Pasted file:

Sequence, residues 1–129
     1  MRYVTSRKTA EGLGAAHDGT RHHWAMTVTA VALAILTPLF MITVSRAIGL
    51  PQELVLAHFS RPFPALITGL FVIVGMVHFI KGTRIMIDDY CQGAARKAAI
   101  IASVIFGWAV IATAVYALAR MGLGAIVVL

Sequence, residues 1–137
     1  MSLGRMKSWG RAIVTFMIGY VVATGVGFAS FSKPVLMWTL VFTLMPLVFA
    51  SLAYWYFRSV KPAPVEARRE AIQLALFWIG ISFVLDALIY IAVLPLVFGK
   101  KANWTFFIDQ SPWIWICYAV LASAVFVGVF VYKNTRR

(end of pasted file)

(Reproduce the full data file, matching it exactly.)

Sequence, residues 1–129
     1  MRYVTSRKTA EGLGAAHDGT RHHWAMTVTA VALAILTPLF MITVSRAIGL
    51  PQELVLAHFS RPFPALITGL FVIVGMVHFI KGTRIMIDDY CQGAARKAAI
   101  IASVIFGWAV IATAVYALAR MGLGAIVVL

Sequence, residues 1–137
     1  MSLGRMKSWG RAIVTFMIGY VVATGVGFAS FSKPVLMWTL VFTLMPLVFA
    51  SLAYWYFRSV KPAPVEARRE AIQLALFWIG ISFVLDALIY IAVLPLVFGK
   101  KANWTFFIDQ SPWIWICYAV LASAVFVGVF VYKNTRR